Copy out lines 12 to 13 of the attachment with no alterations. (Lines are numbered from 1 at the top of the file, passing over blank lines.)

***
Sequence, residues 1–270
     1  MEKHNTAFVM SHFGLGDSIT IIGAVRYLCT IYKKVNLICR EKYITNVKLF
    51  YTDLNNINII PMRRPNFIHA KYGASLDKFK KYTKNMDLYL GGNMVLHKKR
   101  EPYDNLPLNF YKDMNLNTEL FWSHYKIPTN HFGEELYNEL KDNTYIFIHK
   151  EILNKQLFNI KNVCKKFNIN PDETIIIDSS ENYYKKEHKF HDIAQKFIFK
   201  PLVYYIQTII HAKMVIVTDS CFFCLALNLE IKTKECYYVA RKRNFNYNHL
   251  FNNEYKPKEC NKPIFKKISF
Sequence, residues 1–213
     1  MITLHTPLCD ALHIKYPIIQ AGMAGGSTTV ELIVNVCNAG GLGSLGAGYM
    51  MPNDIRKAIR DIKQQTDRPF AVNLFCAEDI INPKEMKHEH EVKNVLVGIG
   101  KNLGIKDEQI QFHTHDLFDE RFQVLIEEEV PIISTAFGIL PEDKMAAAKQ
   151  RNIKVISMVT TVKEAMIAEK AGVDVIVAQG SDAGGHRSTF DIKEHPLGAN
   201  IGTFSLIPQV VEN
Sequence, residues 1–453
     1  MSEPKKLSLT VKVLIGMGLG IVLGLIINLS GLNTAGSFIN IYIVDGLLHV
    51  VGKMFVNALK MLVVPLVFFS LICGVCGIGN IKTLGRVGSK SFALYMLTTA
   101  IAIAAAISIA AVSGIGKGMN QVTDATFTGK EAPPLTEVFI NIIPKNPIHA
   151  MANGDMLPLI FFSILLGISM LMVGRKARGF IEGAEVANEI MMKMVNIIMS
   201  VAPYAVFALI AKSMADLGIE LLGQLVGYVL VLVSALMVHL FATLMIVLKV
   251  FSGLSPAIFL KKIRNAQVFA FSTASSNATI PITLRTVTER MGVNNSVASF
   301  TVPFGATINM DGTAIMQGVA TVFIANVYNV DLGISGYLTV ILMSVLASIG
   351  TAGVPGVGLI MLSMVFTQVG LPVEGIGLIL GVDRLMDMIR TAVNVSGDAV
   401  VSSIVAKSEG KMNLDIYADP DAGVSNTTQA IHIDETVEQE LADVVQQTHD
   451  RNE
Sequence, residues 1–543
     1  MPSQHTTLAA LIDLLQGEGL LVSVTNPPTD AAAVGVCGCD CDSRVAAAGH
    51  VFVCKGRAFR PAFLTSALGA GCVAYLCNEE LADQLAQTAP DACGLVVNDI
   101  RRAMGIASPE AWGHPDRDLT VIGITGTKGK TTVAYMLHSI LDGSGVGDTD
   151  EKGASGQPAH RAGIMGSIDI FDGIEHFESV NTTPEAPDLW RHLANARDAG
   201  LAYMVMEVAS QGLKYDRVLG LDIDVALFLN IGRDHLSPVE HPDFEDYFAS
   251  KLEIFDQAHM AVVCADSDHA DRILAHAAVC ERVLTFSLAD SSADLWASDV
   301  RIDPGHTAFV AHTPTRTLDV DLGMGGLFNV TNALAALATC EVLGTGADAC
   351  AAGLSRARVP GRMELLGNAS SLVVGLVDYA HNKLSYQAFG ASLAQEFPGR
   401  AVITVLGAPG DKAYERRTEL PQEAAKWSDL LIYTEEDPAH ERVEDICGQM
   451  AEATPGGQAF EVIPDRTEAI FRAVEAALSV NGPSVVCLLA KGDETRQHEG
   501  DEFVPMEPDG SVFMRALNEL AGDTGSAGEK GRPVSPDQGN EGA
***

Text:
   151  RNIKVISMVT TVKEAMIAEK AGVDVIVAQG SDAGGHRSTF DIKEHPLGAN
   201  IGTFSLIPQV VEN